Is It A Good Thing That Computer Science Is 'Cool Again'?
from the maybe-not dept
Computer science is cool again. At least, that's what the headline at Network World says. Apparently, CS enrollments are up for the first time in six years, driven by "teens' excitement about social media and mobile technologies." I'm a CS grad student, so you might expect me to be excited about this development, but I'm not actually sure it's such a good sign. It's great that there are more people considering careers in the IT industry, but I worry about people going into computer science for the wrong reasons. In my experience, if your brain works a certain way, you'll love programming and will have a successful career in the software industry. If it doesn't, there probably isn't much you can do to change that. So I'd love to see more kids explore CS, but if, after taking a couple of classes, they're not sure if CS is the right major for them, then frankly it probably isn't. If you don't enjoy programming, you're almost certainly not going to be a good programmer, and you're not going to be either successful or happy in that career. The fact that you like Facebook or your iPhone definitely isn't enough reason to be a CS major.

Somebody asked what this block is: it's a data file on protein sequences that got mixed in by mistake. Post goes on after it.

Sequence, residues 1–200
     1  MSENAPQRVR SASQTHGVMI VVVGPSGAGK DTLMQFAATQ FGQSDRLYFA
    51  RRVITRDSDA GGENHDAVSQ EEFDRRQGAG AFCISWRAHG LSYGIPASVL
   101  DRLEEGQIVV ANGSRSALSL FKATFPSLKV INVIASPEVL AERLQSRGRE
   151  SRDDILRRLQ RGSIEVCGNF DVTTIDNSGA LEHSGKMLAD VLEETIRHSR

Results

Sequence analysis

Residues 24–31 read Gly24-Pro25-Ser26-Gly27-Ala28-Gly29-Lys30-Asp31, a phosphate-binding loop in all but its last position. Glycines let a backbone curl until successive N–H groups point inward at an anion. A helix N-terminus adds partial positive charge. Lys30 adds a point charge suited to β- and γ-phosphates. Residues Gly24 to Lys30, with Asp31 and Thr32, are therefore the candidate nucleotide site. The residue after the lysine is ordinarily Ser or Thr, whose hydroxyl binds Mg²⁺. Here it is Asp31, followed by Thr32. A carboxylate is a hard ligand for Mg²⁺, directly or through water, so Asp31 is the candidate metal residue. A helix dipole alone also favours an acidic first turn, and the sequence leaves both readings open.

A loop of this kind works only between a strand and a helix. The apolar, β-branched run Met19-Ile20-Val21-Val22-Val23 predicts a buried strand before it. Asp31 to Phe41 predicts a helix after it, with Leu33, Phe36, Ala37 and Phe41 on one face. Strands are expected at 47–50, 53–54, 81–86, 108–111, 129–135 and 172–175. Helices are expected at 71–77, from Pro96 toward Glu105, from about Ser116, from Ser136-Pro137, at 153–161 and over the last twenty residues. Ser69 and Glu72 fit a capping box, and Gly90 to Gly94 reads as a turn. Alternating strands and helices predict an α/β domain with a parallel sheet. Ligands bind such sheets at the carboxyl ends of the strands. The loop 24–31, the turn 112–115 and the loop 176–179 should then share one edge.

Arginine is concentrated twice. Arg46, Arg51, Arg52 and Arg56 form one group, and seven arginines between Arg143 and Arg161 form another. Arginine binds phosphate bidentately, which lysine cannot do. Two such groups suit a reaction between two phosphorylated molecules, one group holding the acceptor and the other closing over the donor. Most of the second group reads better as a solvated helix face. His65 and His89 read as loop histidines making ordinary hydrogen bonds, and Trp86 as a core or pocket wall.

I think it would be better if colleges focused on expanding the computer training that non-CS majors receive. Almost every technical field involves manipulating large datasets, and so the ability to write basic computer programs will be a big productivity boost in a wide variety of fields, from economics to biology. Most people aren't cut out to be full-time programmers, but lots of people could benefit from a 1-semester course that focuses on practical data manipulation skills with a high-level scripting language like Perl or Python.